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Mexican Soldiers Arrest Man Alleged to Be Responsible for Killings in Tamaulipas

By Dialogo
April 21, 2011

On 16 April, Mexican military personnel detained a leader of the Los Zetas
cartel accused of being the alleged instigator of the murders of 145 people whose
bodies were dug up this month in the town of San Fernando (Tamaulipas, in
northeastern Mexico), the Secretariat of the Navy announced.

“Martín Omar Estrada Luna, alias ‘El Kilo’ [‘The Kilo’], an alleged leader of
Los Zetas in the San Fernando trafficking territory, was taken into custody,” the
secretariat said in a statement.

The detainee is “alleged to be linked to the recent discovery of clandestine
graves with corpses” in San Fernando, according to the text.

Previously, Navy Secretary Mariano Saynez affirmed on his Twitter account
that ‘El Kilo’ is the “alleged instigator and principal in the San Fernando

In the statement, he was also described as “alleged to be responsible for the
deaths of the seventy-two migrants whose bodies were found in the same municipality
in August,” a massacre that has also been attributed to Los Zetas.

The federal public prosecutor’s office had been offering a reward of 1.3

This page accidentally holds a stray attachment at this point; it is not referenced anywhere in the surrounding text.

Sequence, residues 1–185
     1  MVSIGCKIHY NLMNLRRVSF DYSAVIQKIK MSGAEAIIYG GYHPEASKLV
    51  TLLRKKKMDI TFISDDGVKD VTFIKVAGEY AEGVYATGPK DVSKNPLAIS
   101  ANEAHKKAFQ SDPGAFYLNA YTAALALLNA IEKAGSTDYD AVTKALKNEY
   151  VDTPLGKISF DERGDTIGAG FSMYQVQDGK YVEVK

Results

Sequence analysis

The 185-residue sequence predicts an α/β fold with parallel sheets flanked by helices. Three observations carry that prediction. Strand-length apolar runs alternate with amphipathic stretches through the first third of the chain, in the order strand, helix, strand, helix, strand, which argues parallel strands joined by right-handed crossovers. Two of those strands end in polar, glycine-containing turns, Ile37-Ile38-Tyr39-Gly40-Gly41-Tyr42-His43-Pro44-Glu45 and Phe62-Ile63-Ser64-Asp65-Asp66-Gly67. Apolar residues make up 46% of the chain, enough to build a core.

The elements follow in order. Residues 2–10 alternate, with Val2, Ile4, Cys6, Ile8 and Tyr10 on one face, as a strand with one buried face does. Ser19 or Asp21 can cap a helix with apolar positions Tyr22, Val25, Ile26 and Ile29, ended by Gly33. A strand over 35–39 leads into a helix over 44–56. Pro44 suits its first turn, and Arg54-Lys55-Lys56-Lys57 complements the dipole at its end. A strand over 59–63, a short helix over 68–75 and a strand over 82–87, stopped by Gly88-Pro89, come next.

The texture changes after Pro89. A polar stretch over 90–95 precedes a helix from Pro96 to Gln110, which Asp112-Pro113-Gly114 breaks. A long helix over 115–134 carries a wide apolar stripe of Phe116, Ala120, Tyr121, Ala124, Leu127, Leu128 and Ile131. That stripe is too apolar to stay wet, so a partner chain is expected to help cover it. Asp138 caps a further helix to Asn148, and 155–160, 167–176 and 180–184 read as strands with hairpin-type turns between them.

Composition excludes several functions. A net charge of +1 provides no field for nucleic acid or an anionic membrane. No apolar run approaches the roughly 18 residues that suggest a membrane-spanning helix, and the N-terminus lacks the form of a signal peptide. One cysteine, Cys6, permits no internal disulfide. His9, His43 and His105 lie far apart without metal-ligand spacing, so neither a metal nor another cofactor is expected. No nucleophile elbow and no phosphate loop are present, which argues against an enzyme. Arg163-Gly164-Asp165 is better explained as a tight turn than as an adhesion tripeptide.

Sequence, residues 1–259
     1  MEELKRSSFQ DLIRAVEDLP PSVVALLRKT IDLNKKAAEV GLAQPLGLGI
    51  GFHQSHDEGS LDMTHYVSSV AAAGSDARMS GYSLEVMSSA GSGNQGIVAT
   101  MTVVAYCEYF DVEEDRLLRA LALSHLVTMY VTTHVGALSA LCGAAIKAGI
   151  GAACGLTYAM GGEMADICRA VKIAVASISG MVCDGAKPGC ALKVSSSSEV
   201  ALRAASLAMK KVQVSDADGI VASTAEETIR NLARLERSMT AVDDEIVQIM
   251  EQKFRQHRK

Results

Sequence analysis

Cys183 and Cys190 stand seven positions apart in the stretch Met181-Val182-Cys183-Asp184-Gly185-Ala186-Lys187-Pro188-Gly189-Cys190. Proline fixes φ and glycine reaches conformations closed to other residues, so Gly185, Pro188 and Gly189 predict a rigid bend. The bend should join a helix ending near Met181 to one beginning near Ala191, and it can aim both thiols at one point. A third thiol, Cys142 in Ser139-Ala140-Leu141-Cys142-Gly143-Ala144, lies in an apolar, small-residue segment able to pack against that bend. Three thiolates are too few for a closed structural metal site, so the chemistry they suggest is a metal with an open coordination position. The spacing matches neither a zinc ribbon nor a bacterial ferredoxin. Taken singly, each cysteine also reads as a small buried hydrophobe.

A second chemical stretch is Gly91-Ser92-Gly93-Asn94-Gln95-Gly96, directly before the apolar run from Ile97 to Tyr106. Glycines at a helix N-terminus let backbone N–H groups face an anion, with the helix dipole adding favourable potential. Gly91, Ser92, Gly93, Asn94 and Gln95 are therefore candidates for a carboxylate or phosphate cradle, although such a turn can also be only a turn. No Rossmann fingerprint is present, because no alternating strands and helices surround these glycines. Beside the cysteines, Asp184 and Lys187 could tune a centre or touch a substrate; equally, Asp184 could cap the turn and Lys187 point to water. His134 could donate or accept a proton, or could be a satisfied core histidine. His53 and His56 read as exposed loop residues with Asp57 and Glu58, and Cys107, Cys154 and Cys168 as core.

million dollars for information leading to the suspect’s detention.

Five other individuals were detained in Saturday’s military operation,
bringing to thirty-nine the number of those alleged to be involved in the multiple
homicides who are now being held by the authorities, including sixteen San Fernando
municipal police officers.

A series of reports of bus hijackings in the area alerted the authorities,
who since 1 April have found a score of clandestine graves in San Fernando, a
municipality of around six thousand square kilometers, located 160 km from Mexico’s
border with the United States.

In the excavations, 145 bodies have been found, and some of them are
suspected to belong to Mexican and foreign migrants who were on their way to the
United States.

At present, only one foreign victim has been identified, a Guatemalan, but
many more Central Americans, and even three Americans, have been reported missing in
the region.

Now in conflict with their former bosses from the Gulf cartel in Tamaulipas
and other regions, Los Zetas have seen their income from drug trafficking decline
and are turning to other crimes, such as the kidnapping of migrants, in order to
finance their operations.

Los Zetas are led by former elite military personnel who

The government blames the Mexican cartels for the majority of the more than
34,600 murders committed as of the end of 2010 in the context of the military
anti-drug offensive launched in December 2006.